Single-Sex Married Couples Could Soon Realize Estate Tax BenefitsJuly 2012
A Federal District Court in New York recently ruled that a same-sex, legally-married couple is entitled to the federal estate tax marital deduction, and the government was ordered to refund federal estate taxes paid to the couple’s surviving spouse.
While this is a precedent-setting ruling, in most cases it’s premature to conclude the marital deduction is now available to all same-sex married couples. However, it’s not too early for single-sex married couples to update their estate plans to ensure they take full advantage of the marital deduction should it ultimately become available.
Understanding Recent Court Rulings Related to Same-Sex Marriages
While on its face the federal estate tax marital deduction applies to all legally-married couples, federal tax law does not recognize same-sex marriage: the federal government, including the IRS, has been prohibited from recognizing same-sex marriages due to a 1996 law called the Defense of Marriage Act (DOMA). In the case noted above, Windsor v. United States, a Federal District Court in New York concluded DOMA violates the equal protection clause of the U.S. Constitution, and other federal courts have recently reached the same conclusion in the context of other benefits.
The Powerful Tax-Savings Benefits of the Marital Deduction
The marital deduction allows a person to give or bequeath assets to his or her spouse free of gift or estate tax, during lifetime or at death. There is no limit on the amount that may be transferred. Since the maximum federal estate tax rate is currently 35%, this ruling could save surviving spouses of same-sex married couples substantial amounts of estate tax. The implications could be even more significant next year, since the maximum federal estate tax rate is scheduled to climb to 55% in 2013.
How to Benefit from This Ruling
This issue will likely be resolved by the U.S. Supreme Court, so drawing conclusions regarding the availability of the marital deduction to same-sex couples is premature. Nonetheless, same-sex married couples should review their estate plans to ensure they take advantage of the marital deduction should it ultimately become available.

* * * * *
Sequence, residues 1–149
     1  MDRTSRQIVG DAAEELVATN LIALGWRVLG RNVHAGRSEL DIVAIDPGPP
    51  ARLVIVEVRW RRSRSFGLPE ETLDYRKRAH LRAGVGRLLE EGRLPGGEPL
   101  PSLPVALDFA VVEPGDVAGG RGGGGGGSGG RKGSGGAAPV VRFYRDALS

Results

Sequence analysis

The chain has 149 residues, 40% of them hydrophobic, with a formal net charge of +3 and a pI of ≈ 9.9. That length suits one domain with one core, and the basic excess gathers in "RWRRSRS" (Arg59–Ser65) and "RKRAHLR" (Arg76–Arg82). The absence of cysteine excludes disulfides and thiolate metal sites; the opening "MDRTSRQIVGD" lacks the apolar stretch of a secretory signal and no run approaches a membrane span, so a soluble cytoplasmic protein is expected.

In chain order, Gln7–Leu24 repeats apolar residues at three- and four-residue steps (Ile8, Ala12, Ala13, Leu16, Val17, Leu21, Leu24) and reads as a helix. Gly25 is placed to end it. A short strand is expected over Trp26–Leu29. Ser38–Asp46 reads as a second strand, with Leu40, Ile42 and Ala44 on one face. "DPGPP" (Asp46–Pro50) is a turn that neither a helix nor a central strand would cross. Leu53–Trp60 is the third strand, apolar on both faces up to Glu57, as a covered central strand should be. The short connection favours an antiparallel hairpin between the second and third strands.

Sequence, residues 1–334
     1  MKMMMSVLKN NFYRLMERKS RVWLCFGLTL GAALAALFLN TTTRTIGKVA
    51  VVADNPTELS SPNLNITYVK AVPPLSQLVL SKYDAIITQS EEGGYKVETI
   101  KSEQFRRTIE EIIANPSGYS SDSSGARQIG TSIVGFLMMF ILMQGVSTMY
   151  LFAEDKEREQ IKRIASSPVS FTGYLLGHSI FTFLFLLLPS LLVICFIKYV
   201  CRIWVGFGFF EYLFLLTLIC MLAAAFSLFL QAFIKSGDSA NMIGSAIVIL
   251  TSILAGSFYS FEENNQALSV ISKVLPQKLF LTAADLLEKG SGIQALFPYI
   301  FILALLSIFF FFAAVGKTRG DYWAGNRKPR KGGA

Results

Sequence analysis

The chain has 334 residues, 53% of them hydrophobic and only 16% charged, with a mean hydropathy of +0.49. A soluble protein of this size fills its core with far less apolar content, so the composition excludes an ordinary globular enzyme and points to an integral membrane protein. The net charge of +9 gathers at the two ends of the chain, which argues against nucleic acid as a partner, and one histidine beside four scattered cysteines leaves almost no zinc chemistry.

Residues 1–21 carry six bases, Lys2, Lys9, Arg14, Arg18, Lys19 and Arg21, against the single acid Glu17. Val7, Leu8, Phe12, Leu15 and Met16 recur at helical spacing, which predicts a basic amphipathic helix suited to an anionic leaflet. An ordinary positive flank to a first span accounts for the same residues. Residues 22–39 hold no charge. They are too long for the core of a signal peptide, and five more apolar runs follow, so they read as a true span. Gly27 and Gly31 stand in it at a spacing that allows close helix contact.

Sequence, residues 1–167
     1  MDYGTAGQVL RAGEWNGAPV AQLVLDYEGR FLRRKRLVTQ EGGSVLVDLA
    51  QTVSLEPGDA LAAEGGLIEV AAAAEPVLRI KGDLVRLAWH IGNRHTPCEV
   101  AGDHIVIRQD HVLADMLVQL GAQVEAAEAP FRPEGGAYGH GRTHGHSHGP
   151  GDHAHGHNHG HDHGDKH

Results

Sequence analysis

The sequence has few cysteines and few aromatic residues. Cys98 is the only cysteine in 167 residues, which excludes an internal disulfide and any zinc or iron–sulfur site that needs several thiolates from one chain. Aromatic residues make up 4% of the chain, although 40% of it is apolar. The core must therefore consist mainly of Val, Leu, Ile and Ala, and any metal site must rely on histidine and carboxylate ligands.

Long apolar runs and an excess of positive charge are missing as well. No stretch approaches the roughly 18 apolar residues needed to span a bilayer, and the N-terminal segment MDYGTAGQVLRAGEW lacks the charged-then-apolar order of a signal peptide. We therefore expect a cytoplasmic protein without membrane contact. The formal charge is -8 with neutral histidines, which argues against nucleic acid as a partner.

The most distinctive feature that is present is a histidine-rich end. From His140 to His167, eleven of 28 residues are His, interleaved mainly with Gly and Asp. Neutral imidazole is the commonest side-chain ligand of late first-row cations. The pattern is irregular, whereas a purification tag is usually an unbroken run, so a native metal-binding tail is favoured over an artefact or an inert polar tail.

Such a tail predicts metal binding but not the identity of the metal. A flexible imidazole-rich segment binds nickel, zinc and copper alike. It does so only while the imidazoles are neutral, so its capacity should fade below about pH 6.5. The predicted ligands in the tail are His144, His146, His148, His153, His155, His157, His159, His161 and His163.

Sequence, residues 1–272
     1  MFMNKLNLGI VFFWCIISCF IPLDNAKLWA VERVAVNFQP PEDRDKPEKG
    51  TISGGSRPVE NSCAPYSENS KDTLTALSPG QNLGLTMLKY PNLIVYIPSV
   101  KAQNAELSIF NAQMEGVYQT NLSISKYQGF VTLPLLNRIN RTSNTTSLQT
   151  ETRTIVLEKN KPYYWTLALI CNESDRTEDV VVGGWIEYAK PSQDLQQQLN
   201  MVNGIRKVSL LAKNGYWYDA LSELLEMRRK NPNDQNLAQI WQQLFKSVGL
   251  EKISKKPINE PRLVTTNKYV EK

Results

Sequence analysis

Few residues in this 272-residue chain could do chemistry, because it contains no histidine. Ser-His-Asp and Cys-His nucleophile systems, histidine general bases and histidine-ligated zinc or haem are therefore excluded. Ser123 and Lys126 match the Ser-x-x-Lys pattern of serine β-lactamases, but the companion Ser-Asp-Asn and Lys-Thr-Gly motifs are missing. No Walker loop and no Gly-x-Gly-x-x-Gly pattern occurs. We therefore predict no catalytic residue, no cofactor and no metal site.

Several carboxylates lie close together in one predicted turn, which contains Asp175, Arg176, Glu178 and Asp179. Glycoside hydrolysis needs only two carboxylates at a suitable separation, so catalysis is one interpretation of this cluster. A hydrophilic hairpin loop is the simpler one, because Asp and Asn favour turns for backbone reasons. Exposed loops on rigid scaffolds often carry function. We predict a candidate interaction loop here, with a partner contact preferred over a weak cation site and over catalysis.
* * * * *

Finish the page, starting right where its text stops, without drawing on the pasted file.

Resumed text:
- Consider adding language to your estate planning documents that covers both the contingencies that a marital deduction will or will not be available.
- In either event, make sure that any estate taxes are directed to be paid by the appropriate beneficiaries.
- Similarly, remember to review your insurance and pension plan beneficiary designations to address the possibility that the marital deduction could be upheld.
We are always here to help. Call your Fiduciary Trust representative, or take this opportunity to contact your estate planner.
This communication is intended to provide general information. The information and opinions stated herein are as of June 2012, unless otherwise indicated, and do not represent a complete analysis of every material fact. We undertake no obligation to update this information. Statements of fact have been obtained from sources deemed reliable, but no representation is made as to their completeness or accuracy. The opinions expressed are not intended as individual tax or investment advice or as a recommendation of any particular security, strategy or investment project. Please consult your personal advisor to determine whether this information may be appropriate for you. IRS Circular 230 Notice: Pursuant to relevant U.S. Treasury regulations, we inform you that any tax advice contained in this communication is not intended or written to be used, and cannot be used, for the purpose of (i) avoiding penalties under the Internal Revenue Code or (ii) promoting, marketing or recommending to another party any transaction or matter addressed herein. You should seek advice based on your particular circumstances from your tax advisor.
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